• Slide 8
  • Specific aims (1) Did the GBV program lead to increased care for GBV survivors? Primary outcome: Utilization of GBV services at health facilities Secondary questions Was the quality of GBV services at health facilities improved? Was GBV care more comprehensive both within and across health facilities and through referrals to services outside health facilities? Did the source of referrals to health facilities change over time? Was there an increase in knowledge within communities about health services for GBV? About other GBV services? Did communities take action (and, if so, what actions) to facilitate survivor access to GBV services? What are key barriers in access to services? Did this change over time? 8
  • Slide 9
  • Specific aims (2) Did the GBV program lead to a decline in GBV? Primary outcome: Recent experience of GBV (specifically, IPV and SV among women ages 15-49) Secondary questions Was there a decrease within communities in the acceptance of GBV? Was there an increase in community-led actions to stop GBV perpetration? Was there an increase in community-led actions to assist those at risk to prevent experience of GBV? Was there a shift in community norms toward greater gender equality? 9
  • Slide 10
  • HIV-related outcomes Did the GBV program contribute to increased utilization of HIV services including HIV counseling and testing, PMTCT, HIV care and treatment? Did the GBV program contribute to reduction in HIV risk behaviors and increase in protective behaviors? 10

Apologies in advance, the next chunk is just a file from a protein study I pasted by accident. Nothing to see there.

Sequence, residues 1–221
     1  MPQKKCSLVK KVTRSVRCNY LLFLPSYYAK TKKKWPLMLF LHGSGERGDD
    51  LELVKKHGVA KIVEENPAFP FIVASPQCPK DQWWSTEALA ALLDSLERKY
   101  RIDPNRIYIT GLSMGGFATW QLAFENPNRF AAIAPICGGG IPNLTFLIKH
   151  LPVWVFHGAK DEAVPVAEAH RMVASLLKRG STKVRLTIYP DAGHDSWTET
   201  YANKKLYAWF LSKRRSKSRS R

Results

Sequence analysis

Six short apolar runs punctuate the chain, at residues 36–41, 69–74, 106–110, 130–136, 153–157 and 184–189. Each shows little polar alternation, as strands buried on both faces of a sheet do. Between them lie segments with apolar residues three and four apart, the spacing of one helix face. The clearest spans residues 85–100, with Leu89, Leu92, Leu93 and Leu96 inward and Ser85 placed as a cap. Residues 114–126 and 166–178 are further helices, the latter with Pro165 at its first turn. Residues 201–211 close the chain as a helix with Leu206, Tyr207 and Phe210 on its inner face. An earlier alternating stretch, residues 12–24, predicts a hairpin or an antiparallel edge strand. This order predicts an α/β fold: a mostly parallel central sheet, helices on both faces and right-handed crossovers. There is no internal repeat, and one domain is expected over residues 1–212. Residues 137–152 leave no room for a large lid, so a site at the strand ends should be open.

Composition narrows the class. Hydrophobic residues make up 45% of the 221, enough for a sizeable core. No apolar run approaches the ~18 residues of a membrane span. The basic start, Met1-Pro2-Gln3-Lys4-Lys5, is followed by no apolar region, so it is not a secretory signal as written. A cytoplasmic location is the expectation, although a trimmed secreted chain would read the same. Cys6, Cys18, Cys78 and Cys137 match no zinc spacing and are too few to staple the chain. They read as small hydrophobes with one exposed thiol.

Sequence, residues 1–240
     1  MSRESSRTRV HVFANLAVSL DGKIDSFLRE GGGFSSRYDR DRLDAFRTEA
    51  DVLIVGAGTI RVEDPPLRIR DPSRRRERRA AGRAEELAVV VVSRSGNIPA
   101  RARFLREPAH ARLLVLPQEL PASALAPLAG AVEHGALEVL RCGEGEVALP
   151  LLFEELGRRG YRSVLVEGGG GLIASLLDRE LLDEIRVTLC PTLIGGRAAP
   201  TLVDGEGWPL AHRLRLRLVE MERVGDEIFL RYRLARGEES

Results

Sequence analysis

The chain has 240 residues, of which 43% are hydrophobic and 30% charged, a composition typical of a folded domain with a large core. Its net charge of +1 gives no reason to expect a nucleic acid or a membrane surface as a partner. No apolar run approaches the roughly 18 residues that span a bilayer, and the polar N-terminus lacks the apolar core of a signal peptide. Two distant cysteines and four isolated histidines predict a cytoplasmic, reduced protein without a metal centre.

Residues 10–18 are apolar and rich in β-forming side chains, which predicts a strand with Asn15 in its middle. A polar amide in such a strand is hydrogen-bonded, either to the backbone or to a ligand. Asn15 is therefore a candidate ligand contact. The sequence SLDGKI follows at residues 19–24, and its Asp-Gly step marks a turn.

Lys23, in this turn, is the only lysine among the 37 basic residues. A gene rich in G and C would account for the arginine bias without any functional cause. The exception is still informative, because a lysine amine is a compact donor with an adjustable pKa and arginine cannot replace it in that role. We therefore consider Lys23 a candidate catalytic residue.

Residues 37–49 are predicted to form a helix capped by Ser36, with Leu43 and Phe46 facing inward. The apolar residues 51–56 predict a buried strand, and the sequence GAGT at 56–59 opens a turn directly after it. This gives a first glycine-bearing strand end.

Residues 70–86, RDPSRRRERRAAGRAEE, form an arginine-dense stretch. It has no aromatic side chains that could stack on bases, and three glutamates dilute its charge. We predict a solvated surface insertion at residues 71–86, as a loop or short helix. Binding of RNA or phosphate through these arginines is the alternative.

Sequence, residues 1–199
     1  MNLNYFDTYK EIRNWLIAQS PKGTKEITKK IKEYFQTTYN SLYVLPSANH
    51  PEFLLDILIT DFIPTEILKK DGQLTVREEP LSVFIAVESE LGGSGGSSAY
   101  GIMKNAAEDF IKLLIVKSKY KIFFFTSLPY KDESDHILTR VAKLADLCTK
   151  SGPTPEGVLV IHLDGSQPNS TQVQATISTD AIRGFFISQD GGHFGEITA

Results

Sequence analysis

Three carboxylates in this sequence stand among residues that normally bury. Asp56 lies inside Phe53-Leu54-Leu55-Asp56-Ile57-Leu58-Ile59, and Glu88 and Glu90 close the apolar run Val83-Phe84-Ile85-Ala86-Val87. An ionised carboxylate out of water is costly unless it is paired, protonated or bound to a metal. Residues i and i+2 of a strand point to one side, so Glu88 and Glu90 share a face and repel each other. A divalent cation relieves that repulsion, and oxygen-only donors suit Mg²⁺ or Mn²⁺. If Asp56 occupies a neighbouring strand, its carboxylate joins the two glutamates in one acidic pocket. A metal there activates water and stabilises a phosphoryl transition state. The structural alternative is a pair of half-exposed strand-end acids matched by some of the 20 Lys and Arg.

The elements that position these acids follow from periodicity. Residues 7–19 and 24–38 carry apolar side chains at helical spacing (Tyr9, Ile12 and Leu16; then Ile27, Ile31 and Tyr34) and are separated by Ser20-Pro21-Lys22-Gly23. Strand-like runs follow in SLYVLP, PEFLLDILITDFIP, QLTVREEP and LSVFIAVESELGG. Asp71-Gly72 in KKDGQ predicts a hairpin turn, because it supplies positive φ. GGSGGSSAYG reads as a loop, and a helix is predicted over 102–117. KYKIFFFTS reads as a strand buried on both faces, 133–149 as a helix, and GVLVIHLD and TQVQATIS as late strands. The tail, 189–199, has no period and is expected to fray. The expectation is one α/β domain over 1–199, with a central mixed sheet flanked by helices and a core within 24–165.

• Slide 11
  • Study design Pair-matched cluster randomized trial 6 intervention clusters: immediate rollout of GBV interventions in the community and at the health facilities 6 control clusters: rollout of GBV interventions delayed by 18 months Cluster definition One or more contiguous administrative wards surrounding a Health Center Sufficient geographical distance between clusters to minimize cross-cluster contamination 11
  • Slide 12
  • Data collection Health facility register review of GBV service delivery and referrals (adults and children) Household surveys of women, ages 15-49 Key informant interviews and focus group discussions with men, community leaders, other community representatives Health facility register review of GBV screening and referrals Health facility assessments Key informant interviews with providers of GBV services Exit interviews with health facility clients Routine M&E conducted by program implementers 12
  • Slide 13
  • Timeline Study protocol development and planning Feb 12 Aug 12Feb 13 Aug 13Feb 14 Aug 14 Feb 15 Analysis and dissemination Baseline data collectionEndline data collection I n t e r v e n t i o n p e r i o d MOHSW training curriculum development 13
  • Slide 14
  • Asante sana! 14